Chapter 13 Consumption, Saving, Investment, and the Multiplier

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disposable income

the income a consumer has left over to spend or save once he has paid out his net taxes

consumption and saving schedules

tables that show the direct relationships between disposable income and consumption and saving

consumption function

a linear relationship showing how increases in disposable income cause increases in consumption

autonomous consumption

the amount of consumption that occurs no matter the level of disposable income

saving function

a linear relationship showing how increases in disposable income cause increases in saving

dissaving

another way of saying that saving is less than zero

autonomous saving

the amount of saving that occurs no matter the level of disposable income

marginal propensity to consume

the change in consumption caused by a change in disposable income, or the slope of the consumption function

marginal propensity to save

the change in saving caused by a change in disposable income or the slope of the saving function

determinants of consumption and savings

factors that shift the consumption and saving functions in the opposite direction are wealth, expectations, and the household debt.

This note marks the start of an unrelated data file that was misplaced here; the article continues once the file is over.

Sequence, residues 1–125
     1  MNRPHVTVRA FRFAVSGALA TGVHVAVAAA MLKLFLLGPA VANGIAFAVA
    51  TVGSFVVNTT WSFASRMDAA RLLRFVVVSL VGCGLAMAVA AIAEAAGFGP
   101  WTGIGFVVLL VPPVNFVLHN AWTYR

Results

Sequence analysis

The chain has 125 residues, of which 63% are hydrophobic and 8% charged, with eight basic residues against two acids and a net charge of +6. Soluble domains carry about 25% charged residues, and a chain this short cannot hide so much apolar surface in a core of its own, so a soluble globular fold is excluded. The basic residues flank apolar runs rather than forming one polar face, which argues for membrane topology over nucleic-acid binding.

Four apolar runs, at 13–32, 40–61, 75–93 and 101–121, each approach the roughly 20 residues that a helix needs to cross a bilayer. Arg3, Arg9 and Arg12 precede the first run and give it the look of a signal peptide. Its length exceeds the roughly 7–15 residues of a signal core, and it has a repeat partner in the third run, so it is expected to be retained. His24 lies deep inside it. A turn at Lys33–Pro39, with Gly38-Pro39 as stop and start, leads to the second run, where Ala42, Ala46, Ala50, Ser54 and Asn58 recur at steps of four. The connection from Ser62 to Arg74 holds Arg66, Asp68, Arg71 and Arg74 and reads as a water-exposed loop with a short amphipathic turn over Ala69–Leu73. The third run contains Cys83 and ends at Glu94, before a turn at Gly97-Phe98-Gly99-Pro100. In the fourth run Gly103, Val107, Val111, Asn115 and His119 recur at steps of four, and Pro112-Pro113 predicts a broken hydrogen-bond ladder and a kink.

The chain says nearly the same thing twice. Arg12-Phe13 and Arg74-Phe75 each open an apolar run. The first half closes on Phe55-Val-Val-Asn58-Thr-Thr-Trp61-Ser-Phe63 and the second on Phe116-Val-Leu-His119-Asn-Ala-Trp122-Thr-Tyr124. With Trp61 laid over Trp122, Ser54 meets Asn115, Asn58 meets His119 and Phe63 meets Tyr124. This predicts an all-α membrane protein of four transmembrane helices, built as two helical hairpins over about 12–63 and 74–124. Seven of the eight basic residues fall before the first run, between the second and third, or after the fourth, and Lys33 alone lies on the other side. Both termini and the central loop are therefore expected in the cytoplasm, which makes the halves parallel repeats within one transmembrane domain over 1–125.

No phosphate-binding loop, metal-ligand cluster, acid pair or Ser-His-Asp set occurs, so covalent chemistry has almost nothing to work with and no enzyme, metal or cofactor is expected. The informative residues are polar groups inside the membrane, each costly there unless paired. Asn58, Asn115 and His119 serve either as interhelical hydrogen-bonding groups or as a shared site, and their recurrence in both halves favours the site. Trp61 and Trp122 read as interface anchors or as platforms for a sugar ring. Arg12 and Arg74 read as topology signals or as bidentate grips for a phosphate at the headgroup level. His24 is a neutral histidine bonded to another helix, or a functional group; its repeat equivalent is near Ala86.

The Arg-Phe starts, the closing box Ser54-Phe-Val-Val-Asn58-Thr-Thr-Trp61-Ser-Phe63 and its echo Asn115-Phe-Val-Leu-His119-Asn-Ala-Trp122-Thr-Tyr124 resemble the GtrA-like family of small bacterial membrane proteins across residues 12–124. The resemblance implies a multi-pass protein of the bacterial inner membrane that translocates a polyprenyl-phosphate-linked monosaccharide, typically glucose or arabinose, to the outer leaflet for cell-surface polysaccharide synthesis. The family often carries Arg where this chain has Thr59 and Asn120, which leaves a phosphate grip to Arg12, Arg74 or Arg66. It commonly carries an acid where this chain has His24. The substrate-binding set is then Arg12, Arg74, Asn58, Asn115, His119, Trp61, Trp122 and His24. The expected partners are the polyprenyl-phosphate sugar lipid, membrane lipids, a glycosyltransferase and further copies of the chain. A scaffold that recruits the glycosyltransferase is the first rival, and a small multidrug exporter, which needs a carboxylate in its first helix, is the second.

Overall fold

expected real rate of return

the rate of real profit the firm anticipates receiving on investment expenditures

real rate of interest

the cost of borrowing to fund an investment

decision to invest

a firm invests in projects so long as r is greater than or equal to i

investment demand

the inverse relationship between the real interest rates and the cumulative dollars invested

autonomous investment

the level of investment determined by investment demand

market for loanable funds

the market for dollars that are available to be borrowed for investment projects

demand for loanable funds

the negative relationship between the real interest rate and the dollars invested by firms

private saving

saving conducted by households and equal to the difference between disposable income and consumption

public saving

saving conducted by government and equal to the difference between tax revenue collected and spending on goods and services

supply of loanable funds

the positive relationship between the dollars saved and the real interest rate

multiplier effect

describes how a change in any component of aggregate expenditures creates a larger change in GDP

spending multiplier

the magnitude of the spending multiplier effect is calculated as =(change in GDP)/(change in spending) = 1/MPS = 1/(1-MPC)

tax multiplier

the magnitude of the effect that a change in taxes has on real GDP = (change in GDP)/(Change in taxes) = MPC * multiplier = MPC/MPS

balanced-budget multiplier

when a change in government spending is offset by a change in lump-sum taxes, real GDP changes by the amount of the change in G; the balanced-budget multiplier is thus equal to one

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